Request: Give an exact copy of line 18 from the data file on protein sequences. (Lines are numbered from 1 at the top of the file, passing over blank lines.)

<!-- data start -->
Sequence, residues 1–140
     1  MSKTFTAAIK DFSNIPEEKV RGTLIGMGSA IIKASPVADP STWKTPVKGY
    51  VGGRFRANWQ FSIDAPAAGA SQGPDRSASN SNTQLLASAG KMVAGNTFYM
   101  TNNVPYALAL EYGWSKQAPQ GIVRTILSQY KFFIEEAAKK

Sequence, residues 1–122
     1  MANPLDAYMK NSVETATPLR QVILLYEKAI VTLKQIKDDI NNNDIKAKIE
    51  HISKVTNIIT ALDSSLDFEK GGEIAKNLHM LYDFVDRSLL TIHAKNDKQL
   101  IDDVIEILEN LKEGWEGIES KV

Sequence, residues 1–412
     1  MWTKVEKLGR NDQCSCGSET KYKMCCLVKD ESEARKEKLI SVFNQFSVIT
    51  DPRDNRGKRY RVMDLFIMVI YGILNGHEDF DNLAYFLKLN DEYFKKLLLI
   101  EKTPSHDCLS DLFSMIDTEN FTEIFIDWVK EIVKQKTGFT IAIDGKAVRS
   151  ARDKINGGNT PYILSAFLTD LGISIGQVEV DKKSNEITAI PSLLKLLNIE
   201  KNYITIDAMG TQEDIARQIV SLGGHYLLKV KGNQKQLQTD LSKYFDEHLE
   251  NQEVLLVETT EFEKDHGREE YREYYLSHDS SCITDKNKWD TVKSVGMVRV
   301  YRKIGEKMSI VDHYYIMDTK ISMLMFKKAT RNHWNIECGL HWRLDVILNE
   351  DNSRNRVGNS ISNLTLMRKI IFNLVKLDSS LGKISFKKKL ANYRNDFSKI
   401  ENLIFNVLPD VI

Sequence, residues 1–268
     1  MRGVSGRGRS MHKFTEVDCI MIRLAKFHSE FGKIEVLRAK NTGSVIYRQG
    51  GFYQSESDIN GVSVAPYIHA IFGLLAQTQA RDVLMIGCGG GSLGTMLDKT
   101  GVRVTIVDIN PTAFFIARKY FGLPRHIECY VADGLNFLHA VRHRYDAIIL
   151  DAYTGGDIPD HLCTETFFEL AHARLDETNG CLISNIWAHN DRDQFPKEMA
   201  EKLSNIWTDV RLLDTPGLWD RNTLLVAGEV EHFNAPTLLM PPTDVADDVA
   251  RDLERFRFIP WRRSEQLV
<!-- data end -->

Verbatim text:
   401  ENLIFNVLPD VI